In recent years, countries around the world are becoming increasingly concerned with energy and environmental issues, which is closely tied with human survival. Low carbon economy has become a very popular global issue. LED lighting’s high reliability, low energy consumption, long lifetime, low pollution, and high quake resilience has made it a globally recognized energy efficient and environmental product. Driven by large market potentials and a positive industry outlook, many countries have launched industry development policies to spur rapid growth in the LED industry. After all these years, which country incentives spurred the proliferation of LEDs? LEDinside will be focusing on LED policies in Japan, India and Malaysia’s.
The Japanese government has been known for interference in the economy through flexible policies, which it has also applied in the LED industry. Japan began promoting its semiconductor lighting technology as early as 1998 with its “21st Century Lighting Project,” and is considered one of the earliest countries to initiate LED industry policies.
Japan's 21st Century Lighting Plan.
Shortly after, the Japanese government released a series of related policies to promote LED lighting, which helped the Japanese market become the first country to achieve LED market penetration rate of 50%. Related statistics reveal Japan’s LED lighting market grew 2.7 times in 2010 to 86.5 billion Japanese Yen (about US $110 million) compared to 2009.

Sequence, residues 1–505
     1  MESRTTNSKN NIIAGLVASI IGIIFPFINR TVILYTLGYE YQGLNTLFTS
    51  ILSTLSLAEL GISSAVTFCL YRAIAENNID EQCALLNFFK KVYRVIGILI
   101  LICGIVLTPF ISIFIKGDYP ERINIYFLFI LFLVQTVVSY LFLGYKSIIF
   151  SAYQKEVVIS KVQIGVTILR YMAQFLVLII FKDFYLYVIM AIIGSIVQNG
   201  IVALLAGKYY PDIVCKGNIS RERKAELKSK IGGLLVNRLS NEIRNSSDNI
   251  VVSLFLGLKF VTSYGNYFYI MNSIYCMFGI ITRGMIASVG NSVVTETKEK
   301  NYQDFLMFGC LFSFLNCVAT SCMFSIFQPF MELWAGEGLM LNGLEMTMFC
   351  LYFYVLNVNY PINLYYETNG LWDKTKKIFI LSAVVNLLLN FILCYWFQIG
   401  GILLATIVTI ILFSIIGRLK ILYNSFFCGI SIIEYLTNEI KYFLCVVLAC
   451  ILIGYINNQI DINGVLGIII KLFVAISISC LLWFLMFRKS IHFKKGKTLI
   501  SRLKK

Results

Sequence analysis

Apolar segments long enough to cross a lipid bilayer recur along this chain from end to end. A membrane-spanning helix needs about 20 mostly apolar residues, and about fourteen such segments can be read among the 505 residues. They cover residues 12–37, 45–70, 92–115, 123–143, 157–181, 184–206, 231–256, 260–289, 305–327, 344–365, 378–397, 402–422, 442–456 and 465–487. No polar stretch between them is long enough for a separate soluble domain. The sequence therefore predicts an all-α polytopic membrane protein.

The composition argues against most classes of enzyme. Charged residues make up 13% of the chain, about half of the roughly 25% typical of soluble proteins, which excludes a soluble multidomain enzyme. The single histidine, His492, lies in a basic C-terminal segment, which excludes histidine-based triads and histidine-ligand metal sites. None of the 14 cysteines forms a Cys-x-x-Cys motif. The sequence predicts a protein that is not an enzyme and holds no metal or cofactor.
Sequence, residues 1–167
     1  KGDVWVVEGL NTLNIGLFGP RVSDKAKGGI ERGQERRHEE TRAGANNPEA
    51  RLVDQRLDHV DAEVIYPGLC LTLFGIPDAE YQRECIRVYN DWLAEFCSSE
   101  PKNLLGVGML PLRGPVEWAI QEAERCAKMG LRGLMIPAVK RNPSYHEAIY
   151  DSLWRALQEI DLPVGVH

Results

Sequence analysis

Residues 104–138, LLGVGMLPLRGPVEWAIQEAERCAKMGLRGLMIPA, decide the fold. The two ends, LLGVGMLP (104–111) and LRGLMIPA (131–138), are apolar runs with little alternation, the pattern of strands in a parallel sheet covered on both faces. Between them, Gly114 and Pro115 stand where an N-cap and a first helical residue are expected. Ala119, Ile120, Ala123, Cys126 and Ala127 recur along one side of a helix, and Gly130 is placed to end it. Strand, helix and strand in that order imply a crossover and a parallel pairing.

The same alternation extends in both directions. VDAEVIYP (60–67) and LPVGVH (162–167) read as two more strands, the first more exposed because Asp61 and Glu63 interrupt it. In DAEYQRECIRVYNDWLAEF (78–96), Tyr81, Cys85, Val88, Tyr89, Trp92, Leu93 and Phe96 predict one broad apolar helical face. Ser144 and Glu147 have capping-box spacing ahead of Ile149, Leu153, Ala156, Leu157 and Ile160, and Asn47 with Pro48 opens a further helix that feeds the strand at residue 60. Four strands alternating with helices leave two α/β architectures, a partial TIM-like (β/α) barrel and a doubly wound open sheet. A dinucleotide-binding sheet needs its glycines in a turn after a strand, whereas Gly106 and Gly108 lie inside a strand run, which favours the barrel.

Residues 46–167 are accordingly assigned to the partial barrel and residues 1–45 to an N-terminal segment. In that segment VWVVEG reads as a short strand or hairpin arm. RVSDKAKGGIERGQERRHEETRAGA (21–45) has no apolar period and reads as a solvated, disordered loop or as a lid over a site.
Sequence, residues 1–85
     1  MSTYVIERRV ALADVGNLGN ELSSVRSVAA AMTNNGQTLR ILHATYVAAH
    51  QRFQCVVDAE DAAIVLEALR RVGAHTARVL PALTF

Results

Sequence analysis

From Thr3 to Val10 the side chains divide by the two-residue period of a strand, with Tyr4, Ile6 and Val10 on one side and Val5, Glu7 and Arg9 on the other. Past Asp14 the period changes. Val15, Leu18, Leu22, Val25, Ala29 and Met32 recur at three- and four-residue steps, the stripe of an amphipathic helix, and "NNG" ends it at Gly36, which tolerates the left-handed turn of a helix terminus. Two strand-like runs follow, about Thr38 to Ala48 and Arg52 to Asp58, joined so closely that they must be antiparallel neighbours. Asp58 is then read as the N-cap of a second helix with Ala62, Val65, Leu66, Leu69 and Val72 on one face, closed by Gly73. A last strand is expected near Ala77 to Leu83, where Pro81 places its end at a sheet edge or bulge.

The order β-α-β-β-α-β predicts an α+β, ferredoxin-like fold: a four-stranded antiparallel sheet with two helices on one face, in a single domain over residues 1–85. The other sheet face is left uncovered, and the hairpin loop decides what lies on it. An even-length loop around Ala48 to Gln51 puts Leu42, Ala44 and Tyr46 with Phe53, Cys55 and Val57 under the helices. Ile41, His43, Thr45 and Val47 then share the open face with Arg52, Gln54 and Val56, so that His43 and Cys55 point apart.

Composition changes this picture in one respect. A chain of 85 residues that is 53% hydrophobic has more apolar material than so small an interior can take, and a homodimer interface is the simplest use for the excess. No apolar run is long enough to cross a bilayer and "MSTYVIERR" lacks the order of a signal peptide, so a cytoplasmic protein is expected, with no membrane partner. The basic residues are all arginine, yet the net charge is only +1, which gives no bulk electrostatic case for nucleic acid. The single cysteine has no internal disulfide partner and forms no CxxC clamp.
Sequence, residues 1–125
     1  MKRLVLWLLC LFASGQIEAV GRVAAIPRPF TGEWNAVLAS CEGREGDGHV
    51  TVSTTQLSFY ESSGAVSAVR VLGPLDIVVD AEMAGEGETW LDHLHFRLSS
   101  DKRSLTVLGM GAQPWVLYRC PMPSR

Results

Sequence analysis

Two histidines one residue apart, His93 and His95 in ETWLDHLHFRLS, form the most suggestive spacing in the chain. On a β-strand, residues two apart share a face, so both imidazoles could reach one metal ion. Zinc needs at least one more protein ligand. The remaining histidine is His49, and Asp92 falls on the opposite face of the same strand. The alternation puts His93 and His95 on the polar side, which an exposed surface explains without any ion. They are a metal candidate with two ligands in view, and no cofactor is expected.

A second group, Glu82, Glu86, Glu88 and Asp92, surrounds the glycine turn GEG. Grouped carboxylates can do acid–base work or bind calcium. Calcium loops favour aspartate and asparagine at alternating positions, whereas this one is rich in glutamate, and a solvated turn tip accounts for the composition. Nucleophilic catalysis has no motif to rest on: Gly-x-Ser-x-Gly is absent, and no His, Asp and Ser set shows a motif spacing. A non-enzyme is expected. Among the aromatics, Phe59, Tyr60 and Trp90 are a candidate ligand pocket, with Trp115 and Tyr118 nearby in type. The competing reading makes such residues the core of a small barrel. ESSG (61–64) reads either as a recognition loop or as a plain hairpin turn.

Recent Japanese policies that spurred proliferation of LEDs.
Japan became a signatory of the Minamata Convention on Mercury in 2013, but has not ratified the convention yet. Ahead of ratifying the convention, Japan’s Ministry of Environment submitted a proposal to the Diet that urged banning of batteries and fluorescent lights that contained mercury on February 2015. Once 50 countries ratify the convention, it will become effective in 2016, and is expected to present new business opportunities for the UV LED sector.
By 2020, Japan’s LED lighting market penetration is expected to reach 70%, and estimated to cut the nation’s total energy consumption by 7%, equivalent to reducing energy bills by approximately 1 trillion Japanese Yen (US $8.4 billion), according to 2014 Nobel Physics Prize Laureates Isamu Akasaki and Hiroshi Amano. However, to achieve this target LED production costs will need to be slashed to a fifth of current costs.